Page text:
Let’s Talk About The Girls’ Jobs On HBO’s Girls
6:00 pm, April 17th | by Sarah Devlin
By now, so much time has been spent dissecting the premiere episode of Girls, Lena Dunham’s new half hour comedy on HBO, that it almost seems like there isn’t anything left to discuss! I read many reviews of the show before catching the pilot last night, so I came to it with a lot of baggage and, somehow, both sky high and extremely low expectations. TV writers who are much smarter than I am have made many, many good points about the show’s content, but after watching the pilot I wanted to focus on a very specific issue: the four lead characters’ jobs. Let’s take a look:
Marnie is the character who is supposed to be the most “together,” who has a stable (if unsatisfying) relationship and a steady job at an art gallery. My exhaustive research (read: a quick glance at average salaries on Indeed.com) tells me that, assuming Marnie is entry level or close to it as a gallery assistant, she’d be making something in the neighborhood of $40,000 annually. Not bad.
Jessa would prefer you to think that she worked as a “live in educator” while she was living abroad, but it seems abundantly clear from the pilot that she was working sporadically as a glorified nanny when she was working at all, and that her real objective was to have as many adventures as possible. For some reason, she is set up to be one of the show’s most inconsiderate and self-involved characters — sleeping with other girls’ boyfriends, showing up late to dinner parties — but her selfishness is not all that different from Hannah’s, who is the series’ ostensible heroine. She feels entitled to a good time the way that Hannah feels entitled to success.
Zosia Mamet’s character is the daffy, starry-eyed college student who worships the Sex And The City girls but who seems ready and eager to transfer her allegiance to Jessa, who is her cousin, and whose sophistication blows Shoshanna’s mind about five times in as many seconds in the pilot. I loathed this character, as I think (I hope?) I was meant to, but I did like the depiction of what kind of monster can be created when you take a college student living in New York City, most likely in student housing (which often means getting to live in gorgeous buildings in Manhattan at a deep discount, though that hardly matters if your parents are footing the bill), who hasn’t begun her post-graduate life yet but is already brimming over with delusions about what it will look like.
When we meet Hannah in the pilot, she has been interning, unpaid, at a literary agency for over a year. Most of the ire from reviewers has been directed at the show’s lead for her entitlement, self-absorption, and expectations of literary accolades in exchange for very little real work or sacrifice, and all of that is true. But a larger issue that the show touches on (and Dunham may not have even wanted to get into this fight, but she did anyway) is that in certain industries, the only way to get one’s foot in the door is to work as an unpaid intern. This point has been made before, but bears repeating again — most unpaid interns in publishing and media end up performing the duties of entry-level employees for zero compensation, with the vague promise of eventually being hired and getting paid to do the same work they were doing for free.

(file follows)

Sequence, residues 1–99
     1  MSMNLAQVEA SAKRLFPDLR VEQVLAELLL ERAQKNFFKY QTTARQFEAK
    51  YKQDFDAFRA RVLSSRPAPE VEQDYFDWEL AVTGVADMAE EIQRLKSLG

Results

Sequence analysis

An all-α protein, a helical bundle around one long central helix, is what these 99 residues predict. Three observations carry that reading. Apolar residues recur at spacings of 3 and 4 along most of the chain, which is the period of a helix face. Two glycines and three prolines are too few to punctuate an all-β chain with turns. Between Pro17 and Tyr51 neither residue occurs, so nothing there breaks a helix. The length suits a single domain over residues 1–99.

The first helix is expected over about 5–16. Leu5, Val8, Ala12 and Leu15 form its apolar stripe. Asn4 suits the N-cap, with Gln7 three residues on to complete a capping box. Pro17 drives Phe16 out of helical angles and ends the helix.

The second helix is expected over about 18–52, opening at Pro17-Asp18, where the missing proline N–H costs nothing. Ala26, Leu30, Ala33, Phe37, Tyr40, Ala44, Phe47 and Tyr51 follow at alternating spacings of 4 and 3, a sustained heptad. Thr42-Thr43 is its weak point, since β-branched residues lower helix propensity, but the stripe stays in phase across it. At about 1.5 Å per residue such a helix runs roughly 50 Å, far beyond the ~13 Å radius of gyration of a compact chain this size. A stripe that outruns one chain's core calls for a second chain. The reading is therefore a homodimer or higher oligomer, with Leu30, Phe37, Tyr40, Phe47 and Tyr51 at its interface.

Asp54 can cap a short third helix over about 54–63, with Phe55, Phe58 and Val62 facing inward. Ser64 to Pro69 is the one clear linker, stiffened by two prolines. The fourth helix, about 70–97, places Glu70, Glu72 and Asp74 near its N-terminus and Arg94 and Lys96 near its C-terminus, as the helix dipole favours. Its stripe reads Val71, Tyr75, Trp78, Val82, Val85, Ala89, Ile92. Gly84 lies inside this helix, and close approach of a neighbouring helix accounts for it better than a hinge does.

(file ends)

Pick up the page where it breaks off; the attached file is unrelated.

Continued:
Hannah is spoiled, and entitled, and selfish and myopic, but it’s worth wondering why she, who has ambitions that are no more ridiculous than “becoming a Samantha” or “scoring a free trip to an ashram in New Delhi,” is the subject of most of the head shaking in reviews. Sure, a young woman who believes she can become a famous author despite not having written much at all is being a bit silly and fanciful, but even if she was the hardest working aspiring writer in New York City, brimming over with talent and raw drive and limitless energy, her best entreé into the publishing industry would still probably be an unpaid internship at a literary agency or somewhere similar, and she would still be in the exact same boat as she is in the pilot.
I don’t think Hannah ought to be immune to criticism because of that, but it’s an interesting question: is it really fair that so many people who want to work in creative fields have to accept that, for at least their first few years in the industry, they may not be compensated for their work no matter how good it is (or whether or not they know how to use Photoshop)? Why is Marnie entitled to a salary and the approval of the audience for having a “real” career, despite working in a similarly insular and super-specific creative field? Is it because she’s curating other people’s work, rather than thinking herself talented enough to make some of her own?
There was a lot to like about Girls and a lot to get mad about, but that particular issue really stuck in my craw. I’ll still tune in for the show, but I wish that part of the conversation about it could include a discussion of the way we value certain kinds of work, and why we think that young people who aspire to be artists ought spend years supporting other people in their industry, without pay, full time, and never be anything but grateful.
Girls airs at 10:30pm on Sundays on HBO.